Lot 43
  • 43

Neo Rauch

450,000 - 650,000 GBP
869,000 GBP
bidding is closed


  • Neo Rauch
  • Gut Gut
  • signed and dated 99
  • oil on canvas


David Zwirner, New York

Private Collection, San Francisco

Private Collection 

Acquired from the above by the present owner


New York, David Zwirner, Neo Rauch, February - March 1999

Leipzig, Galerie für Zeitgenössische Kunst; Munich, Haus der Kunst; and Zurich, Kunsthalle Zürich, Neo Rauch. Randgebiet, December 2000 - August 2001, p. 11, illustrated in colour; and p. 139, illustrated

Catalogue Note

An enigmatic scene of spatial and temporal disjunction, Gut Gut invites the viewer into the mysterious and dream-like world of Neo Rauch. Executed in 1999, this particular work is emblematic of a distinctive theme central to Rauch’s oeuvre of the 1990s: that of the stereotypical socialist worker, steadfastly immersed in industrious civic activity. The ‘good’ citizens that populate Rauch’s paintings from this era are reminiscent of an East German society that no longer exists, and only endure through Rauch’s own memory and the dream sequences of his paintings. Included in Rauch’s first major retrospective in 2001 held at the Galerie für Zeitgenössische Kunst Leipzig, Haus der Kunst Munich and Kunsthalle Zurich, Gut Gut depicts an exemplary male worker performing a seemingly functional task in the foreground. Yet as we pause to reflect on the scene presented, the painting’s focus becomes ambiguous and the visual cues we look to for assistance simply exacerbate narrative confusion. Equipped with various tools Rauch’s worker appears to be surveying neatly designated plots of land; however closer scrutiny renders any direct plotline utterly unclear. Large, abstruse objects and hovering comic-stripesque text ultimately deliver a Surrealist landscape that is distinctly East German in tone. The repetition of the word ‘GUT’ reinforces the ideal of the ‘good worker’ that was promoted by the German Democratic Republic, while the vibrant, matt colours are reminiscent of the products made during this era. However via a careful blending of American Pop art, Socialist Realism, and Surrealist abstraction, Gut Gut is utterly unique to Rauch’s ambivalent and dream-like pictorial world.

Although the spectre of his East German childhood is consistently present in this painting, Rauch does not present historical facts or clear cut narratives. Rather, he uses the genre of painting to process these experiences, creating ambiguous scenes that deny easy recourse to established meaning. As Robert Hobbs has observed of Rauch’s work: “Neither surreal or hyper-real, this art is remarkable for its interplays of types and conventions as well as its ricocheting references that circulate both inside and outside it to discern the confounding and questionable role that the many layers of the past can potentially play in the creation of the present and the future” (Robert Hobbs, ‘Neo Rauch’s Purposive Ambiguities’ in: Exh. Cat., Malaga, Centro de Arte Contemporáneo de Málaga, Neo Rauch, 2005, p. 83).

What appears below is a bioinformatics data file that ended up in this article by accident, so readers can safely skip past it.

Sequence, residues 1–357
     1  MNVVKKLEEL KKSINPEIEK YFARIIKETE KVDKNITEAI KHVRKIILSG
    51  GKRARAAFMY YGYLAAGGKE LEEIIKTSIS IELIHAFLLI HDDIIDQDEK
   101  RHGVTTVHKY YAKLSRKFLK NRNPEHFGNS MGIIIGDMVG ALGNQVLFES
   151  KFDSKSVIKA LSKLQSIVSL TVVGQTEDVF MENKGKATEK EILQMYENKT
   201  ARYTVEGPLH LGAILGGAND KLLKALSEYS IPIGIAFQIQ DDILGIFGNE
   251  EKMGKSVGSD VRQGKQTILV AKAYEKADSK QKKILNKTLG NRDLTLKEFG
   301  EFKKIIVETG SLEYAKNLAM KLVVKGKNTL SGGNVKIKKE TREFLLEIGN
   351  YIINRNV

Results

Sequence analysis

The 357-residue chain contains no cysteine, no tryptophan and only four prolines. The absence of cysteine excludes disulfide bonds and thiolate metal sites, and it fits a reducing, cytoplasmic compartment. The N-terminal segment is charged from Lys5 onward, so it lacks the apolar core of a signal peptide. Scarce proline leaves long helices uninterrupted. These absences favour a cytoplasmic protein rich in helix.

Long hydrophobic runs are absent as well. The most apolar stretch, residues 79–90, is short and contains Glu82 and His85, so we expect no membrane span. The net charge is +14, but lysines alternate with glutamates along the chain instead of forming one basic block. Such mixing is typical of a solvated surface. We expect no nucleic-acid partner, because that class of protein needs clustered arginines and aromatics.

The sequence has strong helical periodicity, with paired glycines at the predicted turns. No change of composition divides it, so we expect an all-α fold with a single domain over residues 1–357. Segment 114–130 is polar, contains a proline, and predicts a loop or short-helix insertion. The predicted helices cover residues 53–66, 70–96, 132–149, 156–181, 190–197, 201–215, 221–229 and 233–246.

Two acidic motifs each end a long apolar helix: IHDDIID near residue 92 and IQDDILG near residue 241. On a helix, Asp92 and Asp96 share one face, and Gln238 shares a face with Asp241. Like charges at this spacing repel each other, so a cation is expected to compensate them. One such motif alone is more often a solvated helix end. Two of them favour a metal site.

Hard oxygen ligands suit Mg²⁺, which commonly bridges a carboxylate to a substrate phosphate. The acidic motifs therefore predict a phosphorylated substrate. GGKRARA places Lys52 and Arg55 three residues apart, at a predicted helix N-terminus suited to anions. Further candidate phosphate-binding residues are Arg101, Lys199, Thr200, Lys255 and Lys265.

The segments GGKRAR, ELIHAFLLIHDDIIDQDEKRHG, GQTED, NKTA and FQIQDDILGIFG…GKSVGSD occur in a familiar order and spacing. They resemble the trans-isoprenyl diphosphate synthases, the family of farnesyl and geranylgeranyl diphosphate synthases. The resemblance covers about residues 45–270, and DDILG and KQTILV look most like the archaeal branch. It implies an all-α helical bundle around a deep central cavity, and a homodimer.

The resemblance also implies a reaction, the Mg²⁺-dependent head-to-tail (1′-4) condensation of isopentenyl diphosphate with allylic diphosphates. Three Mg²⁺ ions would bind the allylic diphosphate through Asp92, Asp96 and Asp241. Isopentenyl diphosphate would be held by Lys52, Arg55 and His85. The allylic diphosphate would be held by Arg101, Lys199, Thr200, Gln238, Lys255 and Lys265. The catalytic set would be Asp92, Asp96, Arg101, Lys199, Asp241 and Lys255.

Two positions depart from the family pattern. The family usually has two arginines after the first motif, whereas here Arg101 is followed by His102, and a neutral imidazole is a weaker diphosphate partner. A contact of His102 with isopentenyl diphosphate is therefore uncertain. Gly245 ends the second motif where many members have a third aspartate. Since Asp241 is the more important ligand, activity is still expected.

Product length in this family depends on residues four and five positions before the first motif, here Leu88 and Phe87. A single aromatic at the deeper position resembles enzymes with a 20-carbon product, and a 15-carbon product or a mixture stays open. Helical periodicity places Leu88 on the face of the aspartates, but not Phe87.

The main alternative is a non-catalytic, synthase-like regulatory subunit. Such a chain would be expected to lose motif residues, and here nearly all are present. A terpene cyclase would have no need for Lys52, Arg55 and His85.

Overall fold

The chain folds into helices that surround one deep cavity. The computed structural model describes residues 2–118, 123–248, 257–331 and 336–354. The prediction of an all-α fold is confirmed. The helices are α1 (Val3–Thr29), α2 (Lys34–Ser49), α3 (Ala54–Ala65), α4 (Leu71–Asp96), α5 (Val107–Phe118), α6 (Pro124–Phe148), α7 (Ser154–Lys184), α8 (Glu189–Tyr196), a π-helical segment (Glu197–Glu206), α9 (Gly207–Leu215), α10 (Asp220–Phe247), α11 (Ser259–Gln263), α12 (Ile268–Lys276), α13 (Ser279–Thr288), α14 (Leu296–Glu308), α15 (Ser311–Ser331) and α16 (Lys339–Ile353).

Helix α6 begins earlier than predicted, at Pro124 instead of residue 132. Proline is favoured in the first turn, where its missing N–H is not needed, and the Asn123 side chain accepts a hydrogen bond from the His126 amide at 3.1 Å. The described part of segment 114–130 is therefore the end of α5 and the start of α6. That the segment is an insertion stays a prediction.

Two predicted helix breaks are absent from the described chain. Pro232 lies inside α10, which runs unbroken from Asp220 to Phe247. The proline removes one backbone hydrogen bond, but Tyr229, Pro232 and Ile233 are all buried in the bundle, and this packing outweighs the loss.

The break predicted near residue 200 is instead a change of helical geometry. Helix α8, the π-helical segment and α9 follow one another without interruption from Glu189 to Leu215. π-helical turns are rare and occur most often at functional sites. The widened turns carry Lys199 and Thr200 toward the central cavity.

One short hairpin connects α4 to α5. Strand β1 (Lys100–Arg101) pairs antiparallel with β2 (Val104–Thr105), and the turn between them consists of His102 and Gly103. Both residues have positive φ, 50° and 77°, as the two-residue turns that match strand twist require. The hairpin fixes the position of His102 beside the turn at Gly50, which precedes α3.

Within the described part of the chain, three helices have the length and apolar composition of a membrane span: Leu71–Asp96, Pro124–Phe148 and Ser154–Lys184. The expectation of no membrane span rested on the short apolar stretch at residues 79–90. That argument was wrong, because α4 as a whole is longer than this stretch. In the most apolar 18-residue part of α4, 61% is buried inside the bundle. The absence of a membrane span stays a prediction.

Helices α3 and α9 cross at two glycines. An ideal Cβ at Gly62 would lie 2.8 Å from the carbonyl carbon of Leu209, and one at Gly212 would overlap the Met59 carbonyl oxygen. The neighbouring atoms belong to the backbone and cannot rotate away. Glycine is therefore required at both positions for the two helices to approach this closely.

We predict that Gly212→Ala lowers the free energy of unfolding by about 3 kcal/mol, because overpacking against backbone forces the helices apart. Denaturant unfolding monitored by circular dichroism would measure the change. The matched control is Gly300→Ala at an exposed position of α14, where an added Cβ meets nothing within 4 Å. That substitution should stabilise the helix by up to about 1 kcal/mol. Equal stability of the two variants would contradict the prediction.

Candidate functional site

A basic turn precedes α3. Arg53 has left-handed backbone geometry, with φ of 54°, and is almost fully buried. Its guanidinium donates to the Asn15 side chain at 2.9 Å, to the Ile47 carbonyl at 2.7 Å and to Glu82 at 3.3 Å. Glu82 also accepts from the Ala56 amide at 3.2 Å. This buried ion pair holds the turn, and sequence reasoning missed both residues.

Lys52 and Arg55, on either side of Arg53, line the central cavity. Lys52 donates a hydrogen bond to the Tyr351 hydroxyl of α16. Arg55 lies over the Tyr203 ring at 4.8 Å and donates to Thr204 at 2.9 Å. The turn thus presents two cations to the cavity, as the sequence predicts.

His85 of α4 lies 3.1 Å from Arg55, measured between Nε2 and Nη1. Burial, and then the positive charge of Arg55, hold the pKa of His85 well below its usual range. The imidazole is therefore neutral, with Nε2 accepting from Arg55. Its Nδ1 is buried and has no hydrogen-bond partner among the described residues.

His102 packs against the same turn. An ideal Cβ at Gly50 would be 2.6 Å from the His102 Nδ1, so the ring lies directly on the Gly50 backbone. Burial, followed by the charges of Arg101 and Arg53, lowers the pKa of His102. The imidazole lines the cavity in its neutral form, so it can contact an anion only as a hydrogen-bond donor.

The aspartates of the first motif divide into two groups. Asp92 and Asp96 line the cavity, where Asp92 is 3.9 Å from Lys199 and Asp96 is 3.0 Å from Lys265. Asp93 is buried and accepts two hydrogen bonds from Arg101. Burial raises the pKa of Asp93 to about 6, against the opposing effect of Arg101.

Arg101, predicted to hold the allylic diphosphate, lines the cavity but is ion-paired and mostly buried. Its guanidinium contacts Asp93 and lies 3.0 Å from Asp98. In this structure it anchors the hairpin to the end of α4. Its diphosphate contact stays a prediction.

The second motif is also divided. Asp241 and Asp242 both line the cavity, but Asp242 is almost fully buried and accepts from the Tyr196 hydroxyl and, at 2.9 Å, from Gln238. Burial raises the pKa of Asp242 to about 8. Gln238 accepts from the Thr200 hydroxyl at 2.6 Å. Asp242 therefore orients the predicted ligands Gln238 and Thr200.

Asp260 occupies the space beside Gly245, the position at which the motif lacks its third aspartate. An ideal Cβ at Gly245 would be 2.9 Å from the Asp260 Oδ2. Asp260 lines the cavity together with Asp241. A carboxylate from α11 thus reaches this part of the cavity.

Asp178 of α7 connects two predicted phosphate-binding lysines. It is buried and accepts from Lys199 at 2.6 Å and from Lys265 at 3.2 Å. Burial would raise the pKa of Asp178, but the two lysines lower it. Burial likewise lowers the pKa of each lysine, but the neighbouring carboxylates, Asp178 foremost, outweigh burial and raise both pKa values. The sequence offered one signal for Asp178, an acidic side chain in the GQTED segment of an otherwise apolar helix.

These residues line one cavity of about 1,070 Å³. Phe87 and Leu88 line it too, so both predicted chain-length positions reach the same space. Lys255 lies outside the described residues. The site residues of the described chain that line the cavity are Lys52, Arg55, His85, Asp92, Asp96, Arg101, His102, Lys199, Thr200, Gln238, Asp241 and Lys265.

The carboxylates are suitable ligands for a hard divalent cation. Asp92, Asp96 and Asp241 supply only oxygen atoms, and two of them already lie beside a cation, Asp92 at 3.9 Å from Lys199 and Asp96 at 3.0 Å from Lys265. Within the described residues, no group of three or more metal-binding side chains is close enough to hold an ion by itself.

A kind of retro-technology features prominently in Gut Gut, alluding to a future that is recognisably already in the past. The man in the foreground carries a heavy briefcase, tool kit, or container for technological equipment. He rests his right hand on a sort of pneumatic drill that we see another figure using in the distance. Recalling the sequential scenes of comic strips, the background figures would normally aid in completing a narrative; here, however, this clone-like motif adds to the confusion and bestows a resounding sense of déjà vu. The atmospheric tension inherent in Gut Gut epitomises the effect of observation that Rauch aims for in his work, which he elaborates in the following statement “Perception via the corner of the eye is actually, in its poetic substance, like a dream. Everyone has experienced it. You perceive something in your peripheral vision, turn towards it, and it is gone” (Neo Rauch in conversation with Klaus Werner, in: Exh. Cat., Leipzig, Galerie Eigen + Art (and travelling), Manöver, 1997, p. 16). Gut Gut is a compelling example of Neo Rauch's facture, as engaging and beguiling in aesthetic, as it is powerful and contemplative in mood.